Club executive vice president William Giles disclosed the earnings figure yesterday. Giles said the Phils would not have shown a profit if they had not made the playoffs.


City Managing Director W. Wilson Goode said the parade for the Phillies' series victory will cost the city more than a half million dollars.


Goode said he will have a more accurate figure today when various city departments report their parade expenditures. Still not accounted for is overtime pay for the police and fire departments.

Tug undecided about becoming free agent


Associated Press


NEW YORK – Tug McGraw, whose steadfast and emotional pitching performances helped the Phillies win their first World Series in 98 years of trying, says he still has not made up his mind about testing the free agent market.


"I have two weeks from the end of the season to officially declare myself a free agent and I've got a meeting scheduled with the Philadelphia people on Monday," McGraw explained yesterday. "But this is a poor time because there's the general managers' meeting and my schedule is suddenly filling up.


"I might be forced into it (free agency) because of the time. I might have to submit the letter just to protect myself. But, if I do declare myself a free agent and test the market, it's only fair to Philadelphia and me to get a ballpark figure about my value. And the Phillies will have the first shot at me anyhow."


McGraw, who saved two World Series games and won another, added, "After the strength I showed them in the last month and a half of the season and the playoffs and the World Series, they can't have any doubts about my ability to help them."


Twenty-eight players have opted for free agent status in the first two days of the two-week period.


McGraw, 36, was in New York to tape an appearance on NBC's Tomorrow Show.


He was met by a small whirlwind of controversy stirred up when, in the throes of a euphoric embrace by virtually the entire city of Philadelphia, he made a remark about New ork City, his former home, that angered many of his onetime fans.


McGraw and his Phillies teammates were paraded through the streets of the City of Brotherly Love on Wednesday the day after they had wrapped up their triumph over the Kansas City Royals. Then, before 85,000 persons in JFK Stadium, McGraw said, "All through baseball history, Philadelphia has had to take a back seat to New York City, but New York City can take this world championship and stick it."


Yesterday, in the city where he once played a major role in the Mets winning a world championship, he explained the remark.


"The idea was that some of the writers down there covering the Series gave us the idea it was a boring job for them because the New York Yankees weren't in it," McGraw said. "Oh, they expect the Mets to pop in there with a championship once in a while."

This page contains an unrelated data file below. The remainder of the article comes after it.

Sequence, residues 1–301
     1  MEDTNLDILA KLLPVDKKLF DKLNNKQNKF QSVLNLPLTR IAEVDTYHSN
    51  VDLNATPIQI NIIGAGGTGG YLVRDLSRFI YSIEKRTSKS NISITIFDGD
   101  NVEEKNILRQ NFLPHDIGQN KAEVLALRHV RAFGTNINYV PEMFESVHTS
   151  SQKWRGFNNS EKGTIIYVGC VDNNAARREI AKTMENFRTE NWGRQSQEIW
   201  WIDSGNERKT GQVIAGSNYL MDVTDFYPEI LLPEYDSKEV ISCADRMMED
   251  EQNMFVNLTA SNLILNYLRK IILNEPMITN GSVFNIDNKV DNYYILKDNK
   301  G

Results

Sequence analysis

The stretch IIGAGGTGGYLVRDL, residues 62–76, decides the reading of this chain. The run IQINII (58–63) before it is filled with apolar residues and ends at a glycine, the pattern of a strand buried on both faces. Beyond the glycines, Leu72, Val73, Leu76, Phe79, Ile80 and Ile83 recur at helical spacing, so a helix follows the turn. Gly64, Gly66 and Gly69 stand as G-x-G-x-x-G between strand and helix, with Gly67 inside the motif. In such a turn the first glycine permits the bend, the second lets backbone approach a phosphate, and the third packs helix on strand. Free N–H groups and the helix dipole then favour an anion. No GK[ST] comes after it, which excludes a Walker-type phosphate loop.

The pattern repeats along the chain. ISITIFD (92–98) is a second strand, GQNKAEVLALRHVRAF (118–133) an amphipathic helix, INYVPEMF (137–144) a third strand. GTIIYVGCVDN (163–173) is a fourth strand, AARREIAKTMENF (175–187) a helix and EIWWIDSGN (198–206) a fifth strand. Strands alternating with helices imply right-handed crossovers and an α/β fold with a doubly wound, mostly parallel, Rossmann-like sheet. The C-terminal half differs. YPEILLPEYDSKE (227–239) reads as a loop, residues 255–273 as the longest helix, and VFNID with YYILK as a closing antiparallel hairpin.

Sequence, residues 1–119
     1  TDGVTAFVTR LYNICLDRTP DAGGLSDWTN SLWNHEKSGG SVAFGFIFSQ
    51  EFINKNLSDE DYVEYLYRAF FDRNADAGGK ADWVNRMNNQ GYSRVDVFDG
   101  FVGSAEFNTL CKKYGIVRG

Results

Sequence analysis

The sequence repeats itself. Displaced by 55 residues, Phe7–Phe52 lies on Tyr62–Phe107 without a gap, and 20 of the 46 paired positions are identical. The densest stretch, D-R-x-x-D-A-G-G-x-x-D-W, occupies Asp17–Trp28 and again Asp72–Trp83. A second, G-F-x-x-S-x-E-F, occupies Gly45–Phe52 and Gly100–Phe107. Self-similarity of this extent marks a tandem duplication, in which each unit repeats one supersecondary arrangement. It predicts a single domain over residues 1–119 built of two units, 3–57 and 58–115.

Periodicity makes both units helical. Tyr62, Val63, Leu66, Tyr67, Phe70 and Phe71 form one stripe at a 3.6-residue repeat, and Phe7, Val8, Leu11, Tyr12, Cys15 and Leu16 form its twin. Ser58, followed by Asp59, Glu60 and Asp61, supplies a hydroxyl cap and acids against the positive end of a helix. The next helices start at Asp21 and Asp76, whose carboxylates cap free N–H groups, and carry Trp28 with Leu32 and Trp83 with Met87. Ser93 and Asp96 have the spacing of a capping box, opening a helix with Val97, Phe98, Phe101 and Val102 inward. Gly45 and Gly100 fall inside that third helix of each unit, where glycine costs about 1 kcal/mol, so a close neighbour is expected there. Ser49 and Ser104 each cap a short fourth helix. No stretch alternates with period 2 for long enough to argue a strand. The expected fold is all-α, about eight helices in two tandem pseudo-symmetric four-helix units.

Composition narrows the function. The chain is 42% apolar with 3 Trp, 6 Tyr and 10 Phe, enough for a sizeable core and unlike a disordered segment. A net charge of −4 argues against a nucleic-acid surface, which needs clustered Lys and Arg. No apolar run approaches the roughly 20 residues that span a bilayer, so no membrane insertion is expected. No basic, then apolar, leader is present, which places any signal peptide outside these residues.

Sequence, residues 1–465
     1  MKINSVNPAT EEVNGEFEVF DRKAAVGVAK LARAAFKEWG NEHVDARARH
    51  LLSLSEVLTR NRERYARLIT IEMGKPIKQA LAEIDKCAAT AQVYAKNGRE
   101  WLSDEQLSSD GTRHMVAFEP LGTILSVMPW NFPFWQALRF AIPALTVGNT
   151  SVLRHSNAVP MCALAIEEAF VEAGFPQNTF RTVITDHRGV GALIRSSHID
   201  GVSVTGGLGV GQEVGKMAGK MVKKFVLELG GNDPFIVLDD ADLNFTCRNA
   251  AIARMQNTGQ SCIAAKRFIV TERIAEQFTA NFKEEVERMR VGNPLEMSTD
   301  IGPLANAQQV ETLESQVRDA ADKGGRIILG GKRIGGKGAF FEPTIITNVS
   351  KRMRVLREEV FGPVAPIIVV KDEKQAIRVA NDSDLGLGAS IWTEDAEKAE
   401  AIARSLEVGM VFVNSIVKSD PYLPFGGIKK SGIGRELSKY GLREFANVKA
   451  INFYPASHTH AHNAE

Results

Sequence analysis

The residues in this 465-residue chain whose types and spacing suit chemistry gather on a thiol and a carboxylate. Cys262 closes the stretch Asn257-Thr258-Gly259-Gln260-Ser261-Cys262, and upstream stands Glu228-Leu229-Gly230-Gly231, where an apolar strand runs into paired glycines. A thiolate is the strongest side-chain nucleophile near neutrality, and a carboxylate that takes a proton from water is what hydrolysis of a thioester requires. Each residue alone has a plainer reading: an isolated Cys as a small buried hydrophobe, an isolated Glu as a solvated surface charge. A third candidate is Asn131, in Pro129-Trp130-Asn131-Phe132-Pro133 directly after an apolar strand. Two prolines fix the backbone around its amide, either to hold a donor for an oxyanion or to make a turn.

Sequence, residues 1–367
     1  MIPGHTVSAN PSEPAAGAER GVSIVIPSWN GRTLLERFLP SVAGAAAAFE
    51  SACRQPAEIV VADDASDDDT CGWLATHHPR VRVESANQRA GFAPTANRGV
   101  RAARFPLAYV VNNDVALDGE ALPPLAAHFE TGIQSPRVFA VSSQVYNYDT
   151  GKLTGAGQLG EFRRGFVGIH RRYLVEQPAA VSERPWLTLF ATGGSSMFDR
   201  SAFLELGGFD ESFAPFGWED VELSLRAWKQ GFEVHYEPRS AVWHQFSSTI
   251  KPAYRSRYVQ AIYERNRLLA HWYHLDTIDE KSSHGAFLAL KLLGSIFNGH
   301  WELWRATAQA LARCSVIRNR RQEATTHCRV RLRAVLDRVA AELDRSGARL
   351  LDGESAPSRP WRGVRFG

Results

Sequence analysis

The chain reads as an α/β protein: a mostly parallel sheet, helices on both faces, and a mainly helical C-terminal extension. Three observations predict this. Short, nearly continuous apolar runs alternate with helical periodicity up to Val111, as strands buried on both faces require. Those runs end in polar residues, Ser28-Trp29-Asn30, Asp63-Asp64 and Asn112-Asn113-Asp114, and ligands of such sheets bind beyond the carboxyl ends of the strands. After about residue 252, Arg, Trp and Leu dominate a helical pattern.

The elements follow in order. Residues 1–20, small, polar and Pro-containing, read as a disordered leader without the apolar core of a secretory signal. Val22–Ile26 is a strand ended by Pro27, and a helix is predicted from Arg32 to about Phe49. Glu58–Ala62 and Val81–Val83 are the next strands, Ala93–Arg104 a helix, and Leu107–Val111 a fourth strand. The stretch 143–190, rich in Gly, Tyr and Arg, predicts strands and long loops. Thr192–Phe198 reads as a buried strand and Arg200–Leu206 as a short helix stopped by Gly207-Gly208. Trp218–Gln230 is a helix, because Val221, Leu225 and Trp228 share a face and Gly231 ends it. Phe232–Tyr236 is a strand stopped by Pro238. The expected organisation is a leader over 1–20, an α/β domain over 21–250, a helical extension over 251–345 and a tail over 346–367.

McGraw, who earlier in the day had his trademark long hair cut and styled, added, "Another thing that influenced me is that I'm aware of baseball fans' feelings. I know how the fans felt in New York when we won and I know how the Philadelphia fans felt.


"The fans of New York are wonderful and I haven't forgotten anything they've given me," McGraw added. "But I must make everybody understand the context and the emotion it (the world championship) represents in Philadelphia.


"It's a history thing. Philadelphia has had the Declaration of Independence and the Liberty Bell. Baseball is the national pastime and now we have everything that is America in Philadelphia."

Game 6 rating in Series TV highest ever


Associated Press


NEW YORK – NBC's telecast of Game Six Tuesday night, the final game of the 1980 World Series between Philadelphia and Kansas City, was the highest rated Series broadcast of all time, according to figures released by Nielsen yesterday.


Philadelphia's 4-1 victory over Kansas City drew a rating of 40.0, meaning 40 percent of the nation's sets were tuned in. The telecast received a 60 share, which means 60 of the audience watching during the time period Tuesday night saw the World Series.


The seventh game of the 1975 Series between Boston and Cincinnati now drops to the second-highest rating.


More households saw Game Six than any other Series contest – 31,120,000 – beating the 28,150,000 homes for Game Seven of the 1979 Series between Baltimore and Pittsburgh.


For the six games, the Series ratings averaged a 32.5, falling short of the 32.8 picked up by the 1978 Series between Los Angeles and the Yankees. That Series went seven games, nine of them in prime time (sic:  the 1978 Series was six games, four in prime time). Four of the six games for 1980 were in prime time, when audience levels are much higher than in the afternoon.